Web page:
Rising commodity values and the lower Australian dollar will drive demand for rural properties in 2019 with those assets producing wool, lamb, wine, fruit and wheat having the strongest price growth prospects, market experts say.
Colliers Internationals national rural and agribusiness director Rawdon Briggs – a 30-year market veteran – was particularly bullish about sheepmeat and wool-producing assets, given the increasing profitability of these sectors.
“Sheep and wool enterprises in Australia continue to be two to three times more profitable than other livestock enterprises and this trend is expected to continue into 2019,” said Mr Briggs.
Forecasts from the Australian Bureau of Agricultural and Resource Economics and Sciences (ABARES) are for lamb prices to rise 18 per cent this financial year and wool prices to rise 12 per cent as export demand exceeds supply.
Mr Briggs tempered his bullishness on wool with a warning that the ongoing trade war between China and the USA was “a risk factor for the industry” given the fact that a considerable proportion of Australian wool processed in China is exported to the US as textiles and apparel.
Looking at other asset classes, Mr Briggs said horticulture would benefit from state-of-the-art mechanisation, robotics and machine learning technology and would continue to be attractive to institutional investors and families.
In viticulture, where wine exports increased 10 per cent last year to $2.82 billion as grape prices revived, Mr Briggs said there would be demand from a range of buyers for quality assets in premium regions.
CBRE agribusiness specialist Danny Thomas said he expected a “relatively buoyant” first half of the year with the key drivers being access to credit, stability of commodity prices; and the status of the ongoing east coast drought.
However, sales between farmers may experience lower demand in the second half of the year, Mr Thomas said, if the persistent drought across much of eastern Australia and tightening lending conditions create barriers for local farmers to make long-term purchasing decisions.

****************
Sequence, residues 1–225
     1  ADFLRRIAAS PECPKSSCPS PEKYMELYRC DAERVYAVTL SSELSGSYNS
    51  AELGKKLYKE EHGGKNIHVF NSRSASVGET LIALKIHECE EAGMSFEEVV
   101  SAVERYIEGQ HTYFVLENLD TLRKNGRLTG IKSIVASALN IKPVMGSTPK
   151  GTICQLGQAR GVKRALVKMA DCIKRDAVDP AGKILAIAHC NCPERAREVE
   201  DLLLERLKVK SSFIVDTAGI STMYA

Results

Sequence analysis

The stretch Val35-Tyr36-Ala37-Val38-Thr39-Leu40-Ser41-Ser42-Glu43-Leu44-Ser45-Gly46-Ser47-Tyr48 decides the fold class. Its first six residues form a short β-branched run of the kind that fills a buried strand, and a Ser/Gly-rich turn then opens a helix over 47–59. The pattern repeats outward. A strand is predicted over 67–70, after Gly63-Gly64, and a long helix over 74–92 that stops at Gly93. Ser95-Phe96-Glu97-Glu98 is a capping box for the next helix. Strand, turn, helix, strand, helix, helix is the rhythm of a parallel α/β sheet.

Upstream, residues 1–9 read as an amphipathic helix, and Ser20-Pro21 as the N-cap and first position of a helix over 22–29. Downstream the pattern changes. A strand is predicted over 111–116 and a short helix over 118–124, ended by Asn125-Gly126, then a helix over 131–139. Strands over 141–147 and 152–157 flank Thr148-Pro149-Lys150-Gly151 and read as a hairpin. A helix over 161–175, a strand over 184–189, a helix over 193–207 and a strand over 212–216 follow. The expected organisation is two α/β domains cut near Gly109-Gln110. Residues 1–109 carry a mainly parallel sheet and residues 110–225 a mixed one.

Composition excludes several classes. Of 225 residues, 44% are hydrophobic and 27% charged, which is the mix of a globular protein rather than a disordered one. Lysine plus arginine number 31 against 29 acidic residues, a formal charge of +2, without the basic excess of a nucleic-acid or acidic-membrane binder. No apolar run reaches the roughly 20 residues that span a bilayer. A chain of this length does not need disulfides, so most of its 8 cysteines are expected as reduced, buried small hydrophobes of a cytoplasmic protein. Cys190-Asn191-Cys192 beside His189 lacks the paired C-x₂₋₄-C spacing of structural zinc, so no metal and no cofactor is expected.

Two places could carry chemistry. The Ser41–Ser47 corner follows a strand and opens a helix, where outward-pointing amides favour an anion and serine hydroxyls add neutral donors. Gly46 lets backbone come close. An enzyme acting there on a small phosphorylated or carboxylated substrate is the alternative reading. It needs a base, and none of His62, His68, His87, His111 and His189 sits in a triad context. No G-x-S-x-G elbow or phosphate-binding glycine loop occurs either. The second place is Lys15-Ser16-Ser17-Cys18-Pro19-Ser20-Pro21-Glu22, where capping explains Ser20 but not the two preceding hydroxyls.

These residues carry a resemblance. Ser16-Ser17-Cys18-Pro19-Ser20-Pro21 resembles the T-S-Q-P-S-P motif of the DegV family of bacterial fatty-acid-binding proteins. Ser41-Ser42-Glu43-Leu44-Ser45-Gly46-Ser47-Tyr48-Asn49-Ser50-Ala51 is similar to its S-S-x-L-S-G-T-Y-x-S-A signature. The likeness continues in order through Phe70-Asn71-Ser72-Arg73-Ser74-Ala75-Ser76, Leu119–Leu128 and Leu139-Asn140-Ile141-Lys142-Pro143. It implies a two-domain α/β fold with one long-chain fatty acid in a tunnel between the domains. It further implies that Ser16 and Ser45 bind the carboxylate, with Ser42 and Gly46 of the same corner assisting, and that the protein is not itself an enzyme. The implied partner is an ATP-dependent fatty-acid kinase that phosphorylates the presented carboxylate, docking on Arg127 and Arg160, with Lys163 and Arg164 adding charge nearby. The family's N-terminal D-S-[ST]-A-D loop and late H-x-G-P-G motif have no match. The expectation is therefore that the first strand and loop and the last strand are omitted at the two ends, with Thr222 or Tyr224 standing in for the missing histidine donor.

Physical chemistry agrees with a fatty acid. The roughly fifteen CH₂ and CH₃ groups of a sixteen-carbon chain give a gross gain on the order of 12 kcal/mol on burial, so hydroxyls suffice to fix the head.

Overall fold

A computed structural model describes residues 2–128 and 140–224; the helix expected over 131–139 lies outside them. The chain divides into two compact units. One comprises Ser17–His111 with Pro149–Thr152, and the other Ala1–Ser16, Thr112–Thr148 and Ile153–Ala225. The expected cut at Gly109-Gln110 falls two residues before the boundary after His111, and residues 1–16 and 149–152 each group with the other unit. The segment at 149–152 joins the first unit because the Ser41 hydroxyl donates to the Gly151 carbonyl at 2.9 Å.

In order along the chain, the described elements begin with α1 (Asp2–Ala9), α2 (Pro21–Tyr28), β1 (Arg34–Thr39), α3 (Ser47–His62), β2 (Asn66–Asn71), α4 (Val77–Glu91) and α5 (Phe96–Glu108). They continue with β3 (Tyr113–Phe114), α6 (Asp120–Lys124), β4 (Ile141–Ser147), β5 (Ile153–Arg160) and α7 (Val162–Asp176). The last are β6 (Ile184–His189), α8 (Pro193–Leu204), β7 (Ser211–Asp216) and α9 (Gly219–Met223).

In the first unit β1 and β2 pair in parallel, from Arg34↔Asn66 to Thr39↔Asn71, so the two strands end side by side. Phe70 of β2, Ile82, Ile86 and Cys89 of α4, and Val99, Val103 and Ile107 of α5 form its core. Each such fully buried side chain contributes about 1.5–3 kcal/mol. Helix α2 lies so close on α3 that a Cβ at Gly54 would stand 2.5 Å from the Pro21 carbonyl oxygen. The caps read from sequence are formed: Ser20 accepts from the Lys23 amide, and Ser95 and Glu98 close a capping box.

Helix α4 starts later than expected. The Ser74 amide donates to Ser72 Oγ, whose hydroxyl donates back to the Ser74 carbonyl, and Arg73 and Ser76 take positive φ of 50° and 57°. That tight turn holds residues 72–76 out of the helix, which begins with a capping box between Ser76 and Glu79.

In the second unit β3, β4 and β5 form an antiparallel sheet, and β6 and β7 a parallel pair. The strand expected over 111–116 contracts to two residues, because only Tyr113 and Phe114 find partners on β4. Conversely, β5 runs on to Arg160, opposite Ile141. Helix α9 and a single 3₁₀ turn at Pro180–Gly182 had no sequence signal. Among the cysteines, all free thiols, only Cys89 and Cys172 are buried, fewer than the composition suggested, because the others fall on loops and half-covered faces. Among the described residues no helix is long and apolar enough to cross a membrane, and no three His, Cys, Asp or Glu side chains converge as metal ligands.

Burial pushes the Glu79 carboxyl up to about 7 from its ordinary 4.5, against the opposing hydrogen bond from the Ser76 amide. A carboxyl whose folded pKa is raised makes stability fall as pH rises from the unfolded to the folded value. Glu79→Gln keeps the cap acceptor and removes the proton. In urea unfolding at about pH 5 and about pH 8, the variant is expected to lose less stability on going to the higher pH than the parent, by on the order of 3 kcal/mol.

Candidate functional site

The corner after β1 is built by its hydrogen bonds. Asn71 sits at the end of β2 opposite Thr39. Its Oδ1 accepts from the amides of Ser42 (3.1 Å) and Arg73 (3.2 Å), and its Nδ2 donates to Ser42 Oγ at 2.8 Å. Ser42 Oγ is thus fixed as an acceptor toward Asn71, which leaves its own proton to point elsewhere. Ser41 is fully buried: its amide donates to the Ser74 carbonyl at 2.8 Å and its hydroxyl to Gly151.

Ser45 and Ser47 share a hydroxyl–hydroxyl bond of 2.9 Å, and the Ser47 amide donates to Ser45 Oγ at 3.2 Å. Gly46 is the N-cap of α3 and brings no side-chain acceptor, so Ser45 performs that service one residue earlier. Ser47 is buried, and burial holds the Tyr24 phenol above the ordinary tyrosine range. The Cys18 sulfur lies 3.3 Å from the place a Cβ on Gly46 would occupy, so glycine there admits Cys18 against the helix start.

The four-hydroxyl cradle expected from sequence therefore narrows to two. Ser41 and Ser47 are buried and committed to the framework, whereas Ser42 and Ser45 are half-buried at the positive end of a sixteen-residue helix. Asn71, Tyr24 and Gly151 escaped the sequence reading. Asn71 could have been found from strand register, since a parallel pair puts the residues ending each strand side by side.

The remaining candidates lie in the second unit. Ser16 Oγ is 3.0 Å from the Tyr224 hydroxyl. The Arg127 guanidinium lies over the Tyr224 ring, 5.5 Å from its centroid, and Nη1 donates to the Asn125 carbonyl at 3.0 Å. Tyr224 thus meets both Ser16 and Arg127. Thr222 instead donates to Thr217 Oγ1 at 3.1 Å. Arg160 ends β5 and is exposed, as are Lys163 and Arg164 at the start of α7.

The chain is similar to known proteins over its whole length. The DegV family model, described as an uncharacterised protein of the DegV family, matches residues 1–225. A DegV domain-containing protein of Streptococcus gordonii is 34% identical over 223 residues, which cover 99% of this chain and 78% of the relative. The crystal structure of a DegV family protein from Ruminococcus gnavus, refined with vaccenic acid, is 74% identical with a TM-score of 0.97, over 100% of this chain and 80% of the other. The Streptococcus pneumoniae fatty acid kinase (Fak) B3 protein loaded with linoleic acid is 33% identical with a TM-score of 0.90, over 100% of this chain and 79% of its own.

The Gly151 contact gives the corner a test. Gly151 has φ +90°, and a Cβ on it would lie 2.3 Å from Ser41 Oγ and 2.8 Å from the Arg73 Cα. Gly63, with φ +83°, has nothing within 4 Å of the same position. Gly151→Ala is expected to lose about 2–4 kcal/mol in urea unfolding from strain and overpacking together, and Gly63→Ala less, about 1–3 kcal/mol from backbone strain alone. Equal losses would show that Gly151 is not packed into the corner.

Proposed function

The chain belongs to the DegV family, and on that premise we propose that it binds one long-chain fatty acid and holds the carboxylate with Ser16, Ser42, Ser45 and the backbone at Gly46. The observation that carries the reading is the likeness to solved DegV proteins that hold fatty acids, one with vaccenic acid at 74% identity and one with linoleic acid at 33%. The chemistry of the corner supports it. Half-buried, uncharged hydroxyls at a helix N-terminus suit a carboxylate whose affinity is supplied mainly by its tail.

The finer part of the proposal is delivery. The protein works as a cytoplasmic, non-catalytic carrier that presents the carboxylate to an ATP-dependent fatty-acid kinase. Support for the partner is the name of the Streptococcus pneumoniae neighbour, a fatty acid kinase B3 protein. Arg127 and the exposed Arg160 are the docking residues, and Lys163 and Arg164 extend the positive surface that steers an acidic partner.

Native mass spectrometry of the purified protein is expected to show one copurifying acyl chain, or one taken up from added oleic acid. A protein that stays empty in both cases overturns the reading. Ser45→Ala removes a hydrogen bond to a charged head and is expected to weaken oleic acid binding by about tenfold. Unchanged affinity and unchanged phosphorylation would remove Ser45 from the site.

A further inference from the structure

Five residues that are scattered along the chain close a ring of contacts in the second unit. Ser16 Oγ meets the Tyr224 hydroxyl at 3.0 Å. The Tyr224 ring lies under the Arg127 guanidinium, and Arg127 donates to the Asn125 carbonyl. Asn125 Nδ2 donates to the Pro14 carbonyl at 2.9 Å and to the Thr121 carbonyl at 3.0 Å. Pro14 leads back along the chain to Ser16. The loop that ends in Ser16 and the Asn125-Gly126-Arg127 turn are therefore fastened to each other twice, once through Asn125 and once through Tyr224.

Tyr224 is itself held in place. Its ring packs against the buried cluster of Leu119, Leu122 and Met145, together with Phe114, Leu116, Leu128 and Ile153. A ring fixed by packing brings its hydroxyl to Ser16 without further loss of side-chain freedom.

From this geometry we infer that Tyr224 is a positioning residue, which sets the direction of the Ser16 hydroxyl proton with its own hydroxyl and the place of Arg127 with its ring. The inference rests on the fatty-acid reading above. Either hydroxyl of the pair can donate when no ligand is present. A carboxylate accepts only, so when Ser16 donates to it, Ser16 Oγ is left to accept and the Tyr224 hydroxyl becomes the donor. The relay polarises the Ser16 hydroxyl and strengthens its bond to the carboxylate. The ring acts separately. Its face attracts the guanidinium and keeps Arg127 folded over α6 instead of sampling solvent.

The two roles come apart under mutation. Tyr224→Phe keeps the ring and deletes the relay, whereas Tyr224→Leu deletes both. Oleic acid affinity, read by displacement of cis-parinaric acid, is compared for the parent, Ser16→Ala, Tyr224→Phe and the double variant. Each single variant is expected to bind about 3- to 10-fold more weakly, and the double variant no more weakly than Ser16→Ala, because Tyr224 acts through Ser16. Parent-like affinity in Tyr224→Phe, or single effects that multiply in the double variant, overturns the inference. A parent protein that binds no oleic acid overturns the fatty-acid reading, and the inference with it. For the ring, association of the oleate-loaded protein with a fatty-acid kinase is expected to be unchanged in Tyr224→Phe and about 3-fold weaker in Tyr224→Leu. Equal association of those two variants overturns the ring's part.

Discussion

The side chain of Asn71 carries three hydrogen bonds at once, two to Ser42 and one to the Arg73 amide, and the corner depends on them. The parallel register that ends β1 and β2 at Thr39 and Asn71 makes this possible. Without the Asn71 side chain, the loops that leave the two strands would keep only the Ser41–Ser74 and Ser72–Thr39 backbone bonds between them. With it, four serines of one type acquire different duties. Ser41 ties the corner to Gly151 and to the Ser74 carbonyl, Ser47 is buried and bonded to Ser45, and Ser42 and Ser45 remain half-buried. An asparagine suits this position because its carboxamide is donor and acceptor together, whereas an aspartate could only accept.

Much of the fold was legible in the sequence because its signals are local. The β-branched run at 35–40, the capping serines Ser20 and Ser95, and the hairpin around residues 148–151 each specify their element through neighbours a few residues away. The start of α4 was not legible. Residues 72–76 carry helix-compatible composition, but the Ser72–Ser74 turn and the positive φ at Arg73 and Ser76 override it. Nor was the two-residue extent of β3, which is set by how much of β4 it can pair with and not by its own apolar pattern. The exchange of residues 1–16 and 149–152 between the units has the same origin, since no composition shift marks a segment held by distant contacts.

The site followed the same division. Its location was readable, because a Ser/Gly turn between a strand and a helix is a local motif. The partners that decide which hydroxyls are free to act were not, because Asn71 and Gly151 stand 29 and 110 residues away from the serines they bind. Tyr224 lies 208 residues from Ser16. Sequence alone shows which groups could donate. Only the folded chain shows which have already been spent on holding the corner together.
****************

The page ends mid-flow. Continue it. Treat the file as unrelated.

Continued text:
“At this stage, we expect institutional investment to remain strong throughout 2019, especially if our dollar remains at or around US70c, which will continue to attract foreign investors,” he said.
“Demand for grazing land suitable for sheep – for meat and wool – and demand for existing permanent plantings –almonds, citrus, etc – is expected to remain very strong.
“The greatest risk to demand for irrigated land suited to annual row crops, particularly cotton, will be the market’s perception of water availability next season,” Mr Thomas said.
He also tipped a busy year for the WA wheat belt given the “excellent season this year – relative to other parts of Australia – and the weight of institutional capital seeking a position of scale in this market.”
Agricultural lending specialist Rabobank struck an overall bullish tone in its Agribusiness Outlook 2019 report on the basis of rising offshore demand, improved market access, the lower dollar and growing investment in the sector.
But there are also headwinds, RaboResearch general manager Tim Hunt warned, including the “most obvious problem” being “climate factors”.
“For winter production to return to average on the east coast this season, above-average rainfall is required in coming months. At present, climate indicators provide mixed signals as to whether that is likely or not,” he said.
The value of farm production remains above the 10-year average, totalling $58 billion a year, despite drought conditions, according to the December quarter ABARES report.